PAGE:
Despite unhealthy outbursts of political naïvete that catch me by surprise, I had no illusions about the meeting. There was no way Councillor Robinson was going to change her mind, having so publicly come out in favour of Mayor Tory’s “hybrid” stance. Still, I thought, maybe, some compromise might be in the works, an attempt to perform a tactical retreat.

You can only imagine my disappointment, let’s call it, over the course of the following few days, watching as Councillor Robinson displayed little propensity toward any sort of compromise on the Gardiner east. When she spoke, she varied little from the “hybrid” hymnbook the mayor was preaching from, the one he used in a speech to the Empire Club, the speech the Torontoist referred to as “full Ford”, full of “at least 36 falsehoods or misleading statements”. whipWhen she wasn’t speaking, Councillor Robinson could be seen with a clipboard, conversing with the mayor’s staff and other councillors, presumably helping out to get the vote count right in favour of the “hybrid” option.

She did. The Gardiner east “hybrid” won out, narrowly, setting in motion a period of uncertainty that often times follows bad decisions. Are we really going to do this? Really? (I remain sceptical. But again, what the fuck do I know?)

Sitting here, a few days on, and I still can’t figure Jaye Robinson out. The cranks and the kooks you get. Vainglorious, idiotic and imbecilic. Dummies gonna be dum, am I right? You can only hope to minimize the damage they try to inflict.

But Councillor Robinson is different. She seems like she wants to do the right thing, to leap toward a more enlightened kind of governance, a better city. ignorefactsYet she can regularly be counted on to come down on the wrong side of important issues like the Gardiner.

And by the ‘wrong’ side, I don’t necessarily mean the ones I disagree with her on. I’m talking about the one like the Gardiner that defy facts, evidence and the future, settling for easy, mindless catch phrases like common sense. “Why have experts if politicians care little for their expertise?” Matt Elliott asks today. There was a deliberate attempt by the pro-“hybrid” council gang to muddy the waters of debate by disparaging and disbelieving city staff and other expert opinion, elevating lone voices of dissent to positions of authority far beyond the reality of the situation, to put opinion before thoughtful reasoning.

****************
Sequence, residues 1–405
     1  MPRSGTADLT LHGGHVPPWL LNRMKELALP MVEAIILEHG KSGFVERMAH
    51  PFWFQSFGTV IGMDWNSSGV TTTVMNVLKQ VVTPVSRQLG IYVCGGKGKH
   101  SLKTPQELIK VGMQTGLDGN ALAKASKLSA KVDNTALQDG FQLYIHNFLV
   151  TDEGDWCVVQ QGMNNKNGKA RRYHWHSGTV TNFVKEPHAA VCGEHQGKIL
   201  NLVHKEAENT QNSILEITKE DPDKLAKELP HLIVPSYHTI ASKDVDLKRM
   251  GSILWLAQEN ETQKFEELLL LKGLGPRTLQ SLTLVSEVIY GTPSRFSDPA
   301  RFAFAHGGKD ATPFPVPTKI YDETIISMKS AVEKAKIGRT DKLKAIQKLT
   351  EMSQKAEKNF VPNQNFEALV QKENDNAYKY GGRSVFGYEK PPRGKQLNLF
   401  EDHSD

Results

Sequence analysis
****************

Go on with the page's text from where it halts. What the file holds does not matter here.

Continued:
Gut feeling prevailed once again at City Hall. Councillor Jon Burnside revealed the height of the “hybrid” hypocrisy when he rose to speak in defence of it, saying that his heart wanted the boulevard but his head told him the “hybrid” was the way to go. thetruthThe fact is, very little thinking went into the “hybrid” argument. It was pure obedience to a mayor who had made his decision known well before the debate had truly begun. Again.

Life’s too short, I concluded over the weekend. Having been at this now for over 5 years, I find myself tired and bored covering the ins-and-outs of a city council that seems determined to work against the best interests of the city. This isn’t one mayor’s problem. It’s endemic to the institution itself, the people constantly returned to office to govern.

I don’t get paid to do what I do. (Most days I don’t think I deserve to be.) There are far better people doing a far better job than I could ever do. I’m contributing largely noise.

I’m not a city councillor. I don’t have to figure out how to deal with such monumental nonsense and duplicity on a daily basis. whyamidoingthisWhy keep inflicting it on myself?

The city works pretty well despite its ill-governance. Not everywhere certainly and not for everyone obviously. We could be, should be doing a whole lot better. It’s not for a lack of tools at our disposal. Just a lack of political will. The DenzilMinnanWongization of City Hall.